Again, hormone levels are rapidly changing and egg levels remain low. Hot flashes and night sweats are very likely to happen.
The last stage of early post-menopause is characterized by a stabilization of hormone levels. This stage generally lasts between three and six years.
This is the final late phase of menopause. It continues for the remainder of a woman’s lifetime. During this time, she can experience an increase in vaginal dryness and other symptoms associated with the urogenital area. These include vaginal irritation, an increased frequency of urination, and possible urinary infections. (14)
Treatments are available to help a woman manage the symptoms associated with menopause. These include lifestyle changes, medication and therapy.
Staying fit and keeping weight at a healthy level can help reduce the symptoms of menopause. It is important to maintain a healthy diet and exercise regime.
Wearing light clothing, keeping a room cool at night and taking cool showers can help reduce hot flashes. Any potential triggers, such as alcohol, smoking, spicy foods or caffeine, should be avoided.
Keeping stress levels low, getting plenty of rest and partaking in relaxing activities, such as yoga, might help mood swings.
Hormone replacement therapy (HRT) can be prescribed to replace lowering hormone levels. These medicines are available as tablets, patches, gels and implants.
There are also medications which might be prescribed to deal with vaginal dryness and other symptoms of menopause.
Side effects are often associated with HRT; if you are affected, a doctor can recommend suitable alternatives.
Some women will experience low moods and anxiety. A type of talking therapy called cognitive behavior therapy (CBT) can help with these symptoms. (15)
What is menopause? Menopause is the stage in a woman’s life when her menstrual cycle stops and she can no longer reproduce naturally.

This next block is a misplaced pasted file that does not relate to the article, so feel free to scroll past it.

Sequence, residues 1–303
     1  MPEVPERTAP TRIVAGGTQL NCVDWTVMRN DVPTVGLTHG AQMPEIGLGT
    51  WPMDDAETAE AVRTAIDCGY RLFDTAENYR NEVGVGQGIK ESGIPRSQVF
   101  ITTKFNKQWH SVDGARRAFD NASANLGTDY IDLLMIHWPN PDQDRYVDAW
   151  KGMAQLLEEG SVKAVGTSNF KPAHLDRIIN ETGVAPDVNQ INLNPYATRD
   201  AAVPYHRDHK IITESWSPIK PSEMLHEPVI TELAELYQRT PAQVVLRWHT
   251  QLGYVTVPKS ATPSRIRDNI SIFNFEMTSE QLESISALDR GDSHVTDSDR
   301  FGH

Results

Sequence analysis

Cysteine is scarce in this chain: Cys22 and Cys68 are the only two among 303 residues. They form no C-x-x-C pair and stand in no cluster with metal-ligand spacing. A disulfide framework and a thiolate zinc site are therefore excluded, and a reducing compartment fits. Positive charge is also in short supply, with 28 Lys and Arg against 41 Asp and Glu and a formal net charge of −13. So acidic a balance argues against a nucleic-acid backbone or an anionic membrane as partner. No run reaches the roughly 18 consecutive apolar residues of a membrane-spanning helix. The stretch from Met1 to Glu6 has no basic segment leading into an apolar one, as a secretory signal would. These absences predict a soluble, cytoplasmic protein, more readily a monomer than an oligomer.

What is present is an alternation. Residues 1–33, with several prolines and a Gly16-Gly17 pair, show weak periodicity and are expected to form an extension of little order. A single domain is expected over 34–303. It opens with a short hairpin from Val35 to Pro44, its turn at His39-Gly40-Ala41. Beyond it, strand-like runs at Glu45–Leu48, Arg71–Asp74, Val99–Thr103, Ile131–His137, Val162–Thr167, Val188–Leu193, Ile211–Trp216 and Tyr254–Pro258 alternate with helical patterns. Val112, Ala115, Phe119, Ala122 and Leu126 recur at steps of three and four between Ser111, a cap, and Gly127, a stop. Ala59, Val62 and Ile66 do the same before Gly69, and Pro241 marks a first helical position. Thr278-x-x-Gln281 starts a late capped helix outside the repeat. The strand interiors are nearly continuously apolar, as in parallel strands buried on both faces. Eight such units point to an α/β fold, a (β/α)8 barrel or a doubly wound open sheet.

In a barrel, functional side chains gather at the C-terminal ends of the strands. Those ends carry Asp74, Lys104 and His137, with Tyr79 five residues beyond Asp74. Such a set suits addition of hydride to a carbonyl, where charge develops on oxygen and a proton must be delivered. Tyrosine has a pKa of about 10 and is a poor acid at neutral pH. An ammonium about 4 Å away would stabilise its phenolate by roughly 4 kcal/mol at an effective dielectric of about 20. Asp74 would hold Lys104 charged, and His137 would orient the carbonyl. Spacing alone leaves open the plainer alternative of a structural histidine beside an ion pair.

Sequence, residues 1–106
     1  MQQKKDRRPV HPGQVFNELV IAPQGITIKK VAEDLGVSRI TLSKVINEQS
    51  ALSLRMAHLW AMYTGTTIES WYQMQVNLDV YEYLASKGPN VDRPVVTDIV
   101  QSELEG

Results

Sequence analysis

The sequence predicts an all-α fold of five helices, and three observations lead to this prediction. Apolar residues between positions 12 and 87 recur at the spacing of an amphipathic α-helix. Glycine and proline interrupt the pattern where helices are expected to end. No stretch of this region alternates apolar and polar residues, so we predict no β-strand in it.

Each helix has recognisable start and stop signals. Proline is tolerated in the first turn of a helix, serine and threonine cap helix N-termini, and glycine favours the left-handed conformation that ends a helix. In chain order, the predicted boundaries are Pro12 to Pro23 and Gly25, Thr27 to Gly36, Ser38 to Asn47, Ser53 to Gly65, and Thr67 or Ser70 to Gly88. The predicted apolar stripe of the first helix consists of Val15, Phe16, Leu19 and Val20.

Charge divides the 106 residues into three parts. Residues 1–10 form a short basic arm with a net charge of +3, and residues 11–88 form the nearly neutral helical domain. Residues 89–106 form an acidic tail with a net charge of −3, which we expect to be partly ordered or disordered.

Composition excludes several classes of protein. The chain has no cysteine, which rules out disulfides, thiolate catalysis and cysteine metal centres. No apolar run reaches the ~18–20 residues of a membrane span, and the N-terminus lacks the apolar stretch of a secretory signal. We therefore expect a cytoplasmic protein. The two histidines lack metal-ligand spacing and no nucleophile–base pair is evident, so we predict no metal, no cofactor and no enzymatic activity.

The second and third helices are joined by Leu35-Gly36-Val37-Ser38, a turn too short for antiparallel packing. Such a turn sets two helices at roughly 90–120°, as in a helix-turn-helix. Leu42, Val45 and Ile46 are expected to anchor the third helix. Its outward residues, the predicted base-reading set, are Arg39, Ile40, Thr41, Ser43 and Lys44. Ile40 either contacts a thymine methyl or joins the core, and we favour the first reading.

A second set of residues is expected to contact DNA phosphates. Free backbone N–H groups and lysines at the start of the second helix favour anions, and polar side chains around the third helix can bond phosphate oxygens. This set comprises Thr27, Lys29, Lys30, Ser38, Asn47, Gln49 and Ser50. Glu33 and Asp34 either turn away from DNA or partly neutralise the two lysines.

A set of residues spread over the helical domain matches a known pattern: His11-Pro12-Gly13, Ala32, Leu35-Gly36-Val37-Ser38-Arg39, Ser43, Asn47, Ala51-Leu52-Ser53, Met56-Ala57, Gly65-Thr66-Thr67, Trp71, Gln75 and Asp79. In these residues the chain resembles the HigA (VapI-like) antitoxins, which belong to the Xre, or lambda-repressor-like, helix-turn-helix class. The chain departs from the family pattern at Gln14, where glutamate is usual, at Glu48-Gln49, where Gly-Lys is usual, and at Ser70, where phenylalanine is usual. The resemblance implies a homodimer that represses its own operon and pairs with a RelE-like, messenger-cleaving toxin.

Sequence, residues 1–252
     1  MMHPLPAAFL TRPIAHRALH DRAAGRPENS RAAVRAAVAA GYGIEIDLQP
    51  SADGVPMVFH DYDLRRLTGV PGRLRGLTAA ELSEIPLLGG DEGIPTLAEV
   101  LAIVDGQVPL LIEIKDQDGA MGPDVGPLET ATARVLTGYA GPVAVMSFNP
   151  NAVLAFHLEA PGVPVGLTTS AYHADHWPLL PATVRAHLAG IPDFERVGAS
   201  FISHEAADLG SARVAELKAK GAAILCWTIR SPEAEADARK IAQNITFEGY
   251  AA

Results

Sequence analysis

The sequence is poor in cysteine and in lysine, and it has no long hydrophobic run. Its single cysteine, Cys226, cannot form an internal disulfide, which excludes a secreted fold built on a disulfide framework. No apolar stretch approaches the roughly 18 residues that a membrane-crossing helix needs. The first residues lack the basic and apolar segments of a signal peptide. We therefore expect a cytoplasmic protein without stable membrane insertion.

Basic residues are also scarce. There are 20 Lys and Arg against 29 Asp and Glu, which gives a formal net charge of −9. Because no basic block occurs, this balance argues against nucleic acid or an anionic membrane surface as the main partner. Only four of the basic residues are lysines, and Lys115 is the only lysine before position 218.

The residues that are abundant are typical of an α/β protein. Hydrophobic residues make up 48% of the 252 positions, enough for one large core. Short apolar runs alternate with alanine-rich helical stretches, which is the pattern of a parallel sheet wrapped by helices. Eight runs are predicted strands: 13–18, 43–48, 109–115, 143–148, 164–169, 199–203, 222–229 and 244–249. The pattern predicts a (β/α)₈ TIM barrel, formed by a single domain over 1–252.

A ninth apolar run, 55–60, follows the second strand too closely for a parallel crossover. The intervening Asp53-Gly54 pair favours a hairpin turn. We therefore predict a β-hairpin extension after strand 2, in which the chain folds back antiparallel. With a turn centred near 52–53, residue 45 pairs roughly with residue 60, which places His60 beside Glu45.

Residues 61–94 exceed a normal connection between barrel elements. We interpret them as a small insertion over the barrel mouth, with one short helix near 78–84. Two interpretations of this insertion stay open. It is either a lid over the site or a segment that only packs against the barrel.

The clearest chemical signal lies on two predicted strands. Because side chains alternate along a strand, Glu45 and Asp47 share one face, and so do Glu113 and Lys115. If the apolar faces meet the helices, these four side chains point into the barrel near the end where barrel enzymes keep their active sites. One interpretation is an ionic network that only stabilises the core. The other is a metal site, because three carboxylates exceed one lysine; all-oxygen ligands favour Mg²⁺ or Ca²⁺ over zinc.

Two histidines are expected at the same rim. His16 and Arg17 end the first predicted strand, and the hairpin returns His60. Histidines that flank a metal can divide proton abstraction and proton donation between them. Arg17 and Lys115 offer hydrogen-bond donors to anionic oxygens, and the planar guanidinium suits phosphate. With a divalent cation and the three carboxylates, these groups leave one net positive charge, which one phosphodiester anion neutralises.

What are the signs of menopause? The signs include changes in a woman’s menstrual cycle, leading to it finally stopping. Hot flashes, headaches, mood swings, loss of libido, vaginal dryness and palpitations can also be experienced.
How do you develop menopause? For most women, menopause begins between the ages of 45 and 55. It is part of the natural reproductive cycle.
How are you diagnosed for menopause? Age and symptoms generally indicate whether a women has begun menopause. A blood test might be carried out to confirm this.
What is the best treatment for menopause? Treatments include lifestyle changes, medication and therapy.
Is menopause considered a disability? Menopause occurs naturally in all women and is not considered a disability.
Is there a cure for menopause? There are treatments available to help women with the symptoms associated with menopause.
Is menopause life threatening? Menopause Is not considered life threatening.
Menopause is a natural part of aging in women, defined by the cessation of menstrual bleeding.
The symptoms associated with this unavoidable condition can be mild or severe.
However, many treatments are available which relieve the symptoms and help a woman through this time in her life.